Monday, July 1, 2013

Gov. Walker's "B-minus" on jobs a distorted view of his actual performance

Compared to his predecessor, and to the rest of the nation, Wisconsin is worse under Walker

On job creation, Gov. Scott Walker thinks he’s done a pretty good job.

Taking a closer look, it’s clear he needs a better understanding of what letter grades really mean.

When asked what letter grade he deserved on creating jobs, Walker said he was doing above average:
B-minus, and the reason I say that is, put it in context. My critics hone in on the 250,000 goal by the beginning of 2015. They ignore the fact that when they were in charge just a few years ago, the four years before I took over as governor, when my predecessor’s last term was in place, we lost 133,000 jobs in the state.
For someone who complains about what his critics are supposedly ignoring, the governor himself conjures up some pretty selective storytelling.

Walker neglects to point out that Wisconsin lost jobs during what can only be described as a global recession. It wasn’t the policies of his predecessor that made jobs disappear -- in fact, every state in the nation was losing jobs.

But Walker doesn’t stop at distorting the past -- he also takes credit for what’s really a lackluster performance:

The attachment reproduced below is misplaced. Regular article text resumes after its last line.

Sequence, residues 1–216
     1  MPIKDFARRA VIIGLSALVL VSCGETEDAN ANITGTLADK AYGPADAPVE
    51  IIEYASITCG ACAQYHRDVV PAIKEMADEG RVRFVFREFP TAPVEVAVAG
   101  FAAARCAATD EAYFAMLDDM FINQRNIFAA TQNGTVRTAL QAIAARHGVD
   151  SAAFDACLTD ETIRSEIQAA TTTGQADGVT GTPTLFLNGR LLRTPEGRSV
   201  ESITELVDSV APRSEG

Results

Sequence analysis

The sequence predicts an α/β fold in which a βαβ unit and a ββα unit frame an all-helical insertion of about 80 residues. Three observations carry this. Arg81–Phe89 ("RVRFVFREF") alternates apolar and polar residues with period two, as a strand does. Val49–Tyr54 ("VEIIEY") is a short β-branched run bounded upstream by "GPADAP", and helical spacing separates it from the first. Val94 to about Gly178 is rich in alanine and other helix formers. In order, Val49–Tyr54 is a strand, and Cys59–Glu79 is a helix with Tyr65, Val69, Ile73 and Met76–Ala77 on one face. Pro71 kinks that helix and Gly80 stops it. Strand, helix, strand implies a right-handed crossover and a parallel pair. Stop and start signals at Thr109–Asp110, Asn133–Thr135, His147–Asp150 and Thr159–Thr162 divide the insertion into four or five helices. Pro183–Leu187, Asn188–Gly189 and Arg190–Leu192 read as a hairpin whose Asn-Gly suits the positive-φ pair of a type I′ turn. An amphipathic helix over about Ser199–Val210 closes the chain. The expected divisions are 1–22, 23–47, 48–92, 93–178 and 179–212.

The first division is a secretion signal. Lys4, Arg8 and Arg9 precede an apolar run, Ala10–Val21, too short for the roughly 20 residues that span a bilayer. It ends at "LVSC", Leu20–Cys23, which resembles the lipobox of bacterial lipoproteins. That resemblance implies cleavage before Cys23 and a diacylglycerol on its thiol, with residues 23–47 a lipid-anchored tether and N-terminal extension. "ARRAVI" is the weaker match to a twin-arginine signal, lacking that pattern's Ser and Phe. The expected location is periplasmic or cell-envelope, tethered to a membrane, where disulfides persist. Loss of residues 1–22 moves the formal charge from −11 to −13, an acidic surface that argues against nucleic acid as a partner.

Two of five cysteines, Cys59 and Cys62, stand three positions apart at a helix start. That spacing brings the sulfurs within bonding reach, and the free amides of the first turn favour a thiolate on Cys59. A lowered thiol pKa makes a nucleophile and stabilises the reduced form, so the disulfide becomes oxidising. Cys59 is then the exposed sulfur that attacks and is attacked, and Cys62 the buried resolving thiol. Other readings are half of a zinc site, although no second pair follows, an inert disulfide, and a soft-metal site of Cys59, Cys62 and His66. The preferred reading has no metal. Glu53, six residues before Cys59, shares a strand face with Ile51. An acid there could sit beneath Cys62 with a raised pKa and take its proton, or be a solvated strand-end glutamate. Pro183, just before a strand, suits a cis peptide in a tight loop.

Now we’ve turned that around. Not only have we seen the gain of 62,000 jobs in the first two years I was in office, but we built the foundation upon which, we’re going to, I think will be even better going forward.
It’s important to point out that Walker’s characterization of a turnaround is actually a slowdown.

During his predecessor’s final year in office, Wisconsin gained 33,658 jobs. In the two years since Walker’s been in office, we have indeed gained 62,000 jobs -- but when those two years are averaged, the rate of job growth under Walker has actually slowed by 7.78 percent when compared to the year before he took office.

In fact, Walker has yet to have a year of job growth that is higher than previous Gov. Jim Doyle’s last year in office, as shown by the graph below:

Now, if Walker says his predecessor was bad, and Walker’s numbers are actually worse, at what level is Walker’s job performance? And if our state is doing worse than the rest of the nation (nearly a full percentage point slower growth), what grade level on jobs does the governor deserve?

It certainly isn’t B-minus, which represents a “better-than-average” grade. If anything, it should be a C-minus or D.

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